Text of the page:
It’s the International Day of the Girl and something is bothering me. I’m a girl in tech and so far in every company I’ve worked for, I was one of the few. And the girls who worked with me almost all operated on the soft side of tech and IT: most of them were analysts, testers, UX-professionals, marketeers. Not engineers. This is not new, of course. Nor will you be surprised when I tell you the demand for more women in tech/IT triggers conversations in board rooms and even governments. We acknowledge the problem. Create policies. Offer sponsorships. Even start mentoring programs.

But let me ask you something…

how can we possibly expect girls to choose technical fields, if we program them to want very different things from an extremely early age? When I was still in kindergarten, I was the only girl who preferred playing with cars to playing with barbies and I was mocked for it. When I was 8 or 9, around Christmas all commercials centered on either girls playing with dolls or boys playing with adventurous toys, cars and constructors (yes, lego focussed on girls as well, but commercials on girls’ lego very much focussed on hospitals, schools etc). And now I’m 27 and I get advertizing for pregnancy tests. Strangely, my boyfriend never gets them.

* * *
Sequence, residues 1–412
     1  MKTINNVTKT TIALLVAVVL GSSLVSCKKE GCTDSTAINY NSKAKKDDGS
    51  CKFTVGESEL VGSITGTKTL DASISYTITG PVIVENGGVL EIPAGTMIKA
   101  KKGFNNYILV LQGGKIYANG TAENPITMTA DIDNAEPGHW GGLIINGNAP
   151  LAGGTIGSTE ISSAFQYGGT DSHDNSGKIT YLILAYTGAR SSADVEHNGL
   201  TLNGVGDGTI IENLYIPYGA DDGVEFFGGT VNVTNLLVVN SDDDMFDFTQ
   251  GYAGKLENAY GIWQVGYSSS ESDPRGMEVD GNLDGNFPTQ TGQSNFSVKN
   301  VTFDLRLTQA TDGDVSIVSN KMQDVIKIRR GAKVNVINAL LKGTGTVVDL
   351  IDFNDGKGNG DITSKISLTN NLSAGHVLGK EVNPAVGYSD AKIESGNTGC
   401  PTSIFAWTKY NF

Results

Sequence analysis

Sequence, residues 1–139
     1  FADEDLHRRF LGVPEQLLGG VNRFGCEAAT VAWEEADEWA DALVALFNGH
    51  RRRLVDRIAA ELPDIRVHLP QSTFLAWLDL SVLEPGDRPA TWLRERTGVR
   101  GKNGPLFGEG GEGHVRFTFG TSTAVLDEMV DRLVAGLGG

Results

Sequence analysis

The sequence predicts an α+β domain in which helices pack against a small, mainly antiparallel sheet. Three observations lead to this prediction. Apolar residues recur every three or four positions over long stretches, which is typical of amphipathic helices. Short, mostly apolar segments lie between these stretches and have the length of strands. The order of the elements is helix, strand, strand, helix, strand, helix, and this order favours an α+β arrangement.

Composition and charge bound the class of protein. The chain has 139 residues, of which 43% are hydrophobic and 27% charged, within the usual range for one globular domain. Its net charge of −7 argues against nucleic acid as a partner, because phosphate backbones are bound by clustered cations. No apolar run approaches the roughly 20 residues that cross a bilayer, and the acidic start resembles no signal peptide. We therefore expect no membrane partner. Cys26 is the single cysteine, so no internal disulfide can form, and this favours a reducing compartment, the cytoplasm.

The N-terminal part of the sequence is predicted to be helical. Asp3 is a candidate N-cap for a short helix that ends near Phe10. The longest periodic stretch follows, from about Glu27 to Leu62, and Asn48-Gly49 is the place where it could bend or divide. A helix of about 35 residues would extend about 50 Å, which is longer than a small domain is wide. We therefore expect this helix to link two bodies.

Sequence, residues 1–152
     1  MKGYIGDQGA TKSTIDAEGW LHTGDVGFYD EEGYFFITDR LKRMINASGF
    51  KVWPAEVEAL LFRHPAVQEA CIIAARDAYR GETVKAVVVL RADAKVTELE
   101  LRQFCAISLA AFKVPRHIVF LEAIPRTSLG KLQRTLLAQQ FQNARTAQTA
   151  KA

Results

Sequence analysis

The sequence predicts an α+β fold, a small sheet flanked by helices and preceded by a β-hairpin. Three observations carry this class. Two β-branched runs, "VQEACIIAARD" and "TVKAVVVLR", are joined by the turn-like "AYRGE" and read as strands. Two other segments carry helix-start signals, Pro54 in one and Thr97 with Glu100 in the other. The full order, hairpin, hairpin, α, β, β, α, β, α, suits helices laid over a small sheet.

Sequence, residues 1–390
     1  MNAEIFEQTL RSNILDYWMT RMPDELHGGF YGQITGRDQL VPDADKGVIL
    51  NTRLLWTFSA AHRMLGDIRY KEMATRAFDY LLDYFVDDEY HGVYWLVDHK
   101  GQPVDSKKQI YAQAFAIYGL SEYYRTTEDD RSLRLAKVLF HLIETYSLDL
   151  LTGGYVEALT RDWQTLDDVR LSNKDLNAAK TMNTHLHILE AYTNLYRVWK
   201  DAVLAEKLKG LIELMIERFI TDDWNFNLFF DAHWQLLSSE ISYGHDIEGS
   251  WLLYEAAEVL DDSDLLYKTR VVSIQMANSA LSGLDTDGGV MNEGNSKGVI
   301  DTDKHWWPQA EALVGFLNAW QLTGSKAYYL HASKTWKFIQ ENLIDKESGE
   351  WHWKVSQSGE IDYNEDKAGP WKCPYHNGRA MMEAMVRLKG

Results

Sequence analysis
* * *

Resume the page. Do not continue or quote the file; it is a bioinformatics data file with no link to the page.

I get that marketing targetting a specific gender does so with reason: our society is programmed in a certain way and we just surf the wave, choosing marketing that reflects our society and is therefore more effective. But make no mistake: as long as we keep doing that, we perpetuate the choices men and women make when they grow older. And so, not from a commercial point of view, but from that of a human being wishing one day men and women will truly have equal opportunities, here’s my plea: let’s base marketing outings on other characteristics than gender. Maybe it will impact our profit. But I’m pretty sure it will pay off in the long run.

Two girls hanging out

Photo: Greg Raines on



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